What the Bio-Nose Knows

Futuristic Smeller Uses Talents of Living Cells

The toddler game “got your nose!” brings gales of laughter as we pretend to snatch the facial feature. But a real-life ability to relocate the sense of smell—and even enhance it beyond normal human limits—could assist activities as disparate as cooking and sniffing out chemical hazards.

A UMD research team’s ambitious “bio-nose” project aims to create a portable, biologically based device able to identify complex odors, backed by a four-year, $2 million National Science Foundation grant.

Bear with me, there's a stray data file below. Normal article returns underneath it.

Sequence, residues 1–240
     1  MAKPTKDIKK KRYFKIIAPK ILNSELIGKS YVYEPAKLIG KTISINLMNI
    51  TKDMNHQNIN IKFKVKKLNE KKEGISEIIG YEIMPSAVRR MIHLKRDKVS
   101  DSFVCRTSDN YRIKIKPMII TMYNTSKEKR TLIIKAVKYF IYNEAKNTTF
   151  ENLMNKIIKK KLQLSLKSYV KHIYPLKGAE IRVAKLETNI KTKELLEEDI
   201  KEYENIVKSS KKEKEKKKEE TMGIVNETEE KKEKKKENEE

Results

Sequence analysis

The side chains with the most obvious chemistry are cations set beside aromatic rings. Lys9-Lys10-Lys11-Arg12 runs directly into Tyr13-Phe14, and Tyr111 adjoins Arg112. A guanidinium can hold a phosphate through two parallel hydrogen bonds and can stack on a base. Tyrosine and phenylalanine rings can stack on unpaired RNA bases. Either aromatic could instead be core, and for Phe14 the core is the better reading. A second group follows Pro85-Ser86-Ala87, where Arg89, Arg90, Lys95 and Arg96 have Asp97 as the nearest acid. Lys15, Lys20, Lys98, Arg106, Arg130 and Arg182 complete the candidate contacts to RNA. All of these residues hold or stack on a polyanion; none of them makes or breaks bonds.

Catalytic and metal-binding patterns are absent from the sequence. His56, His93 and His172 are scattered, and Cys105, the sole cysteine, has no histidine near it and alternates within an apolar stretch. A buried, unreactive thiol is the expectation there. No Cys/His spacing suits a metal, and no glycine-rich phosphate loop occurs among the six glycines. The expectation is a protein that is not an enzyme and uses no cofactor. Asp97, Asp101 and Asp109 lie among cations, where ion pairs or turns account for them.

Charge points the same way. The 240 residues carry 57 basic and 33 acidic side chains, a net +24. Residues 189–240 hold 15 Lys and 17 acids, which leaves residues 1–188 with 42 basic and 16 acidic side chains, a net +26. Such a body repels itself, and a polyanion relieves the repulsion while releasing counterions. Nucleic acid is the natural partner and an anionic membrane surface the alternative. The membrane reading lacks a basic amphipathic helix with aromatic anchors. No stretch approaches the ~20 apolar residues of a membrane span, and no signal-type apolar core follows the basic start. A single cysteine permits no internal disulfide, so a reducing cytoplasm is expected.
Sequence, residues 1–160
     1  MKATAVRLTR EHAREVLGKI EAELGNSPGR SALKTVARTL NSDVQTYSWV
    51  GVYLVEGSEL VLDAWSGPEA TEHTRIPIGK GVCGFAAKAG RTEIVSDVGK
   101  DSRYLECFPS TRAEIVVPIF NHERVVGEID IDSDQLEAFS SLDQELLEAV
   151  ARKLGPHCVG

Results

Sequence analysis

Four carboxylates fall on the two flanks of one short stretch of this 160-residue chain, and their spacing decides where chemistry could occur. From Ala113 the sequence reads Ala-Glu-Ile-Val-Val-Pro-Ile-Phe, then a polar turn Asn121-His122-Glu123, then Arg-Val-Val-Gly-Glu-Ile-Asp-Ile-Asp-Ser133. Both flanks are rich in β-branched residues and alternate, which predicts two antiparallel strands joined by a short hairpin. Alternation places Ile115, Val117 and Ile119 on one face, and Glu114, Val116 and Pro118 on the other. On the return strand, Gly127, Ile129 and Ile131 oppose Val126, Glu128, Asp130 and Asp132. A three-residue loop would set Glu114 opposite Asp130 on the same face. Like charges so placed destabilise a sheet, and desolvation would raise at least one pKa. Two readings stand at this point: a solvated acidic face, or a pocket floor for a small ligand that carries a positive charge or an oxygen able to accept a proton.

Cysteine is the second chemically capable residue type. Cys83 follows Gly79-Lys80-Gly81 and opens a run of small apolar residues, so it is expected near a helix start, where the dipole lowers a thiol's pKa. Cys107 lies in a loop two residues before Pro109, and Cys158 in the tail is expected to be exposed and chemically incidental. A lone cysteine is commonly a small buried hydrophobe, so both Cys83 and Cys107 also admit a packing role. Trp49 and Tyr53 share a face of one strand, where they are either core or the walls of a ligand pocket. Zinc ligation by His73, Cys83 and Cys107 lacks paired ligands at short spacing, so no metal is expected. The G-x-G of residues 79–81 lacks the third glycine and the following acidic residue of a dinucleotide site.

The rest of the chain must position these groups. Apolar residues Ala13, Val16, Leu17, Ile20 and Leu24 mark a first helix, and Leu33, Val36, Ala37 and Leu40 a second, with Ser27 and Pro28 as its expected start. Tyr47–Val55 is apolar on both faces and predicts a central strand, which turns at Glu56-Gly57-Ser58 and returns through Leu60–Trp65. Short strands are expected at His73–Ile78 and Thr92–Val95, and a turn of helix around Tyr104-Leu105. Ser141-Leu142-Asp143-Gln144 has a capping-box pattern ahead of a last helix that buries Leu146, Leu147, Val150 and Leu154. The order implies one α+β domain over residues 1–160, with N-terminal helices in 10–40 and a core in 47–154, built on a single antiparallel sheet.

“There are applications in food, wine, perfumes, medical diagnostics, homeland security, agriculture, mold detection and more,” says project leader Elizabeth Smela, a professor of mechanical engineering. The interdisciplinary team includes faculty from biology, electrical and computer engineering, College Park Scholars, computer science and the Institute for Advanced Computer Studies.

To take advantage of nature’s amazing olfactory talents, it’s in the early stages of developing a sensor based on living cells. While mammalian cells need to be fed and held at body temperature to be kept alive, collaborators at the National Agriculture and Food Research Organization in Japan created a hardier insect-based cell line. The cells can be desiccated, or dried like yeast, and then re-animated with the addition of fluid at room temperature, rendering them ready to smell.


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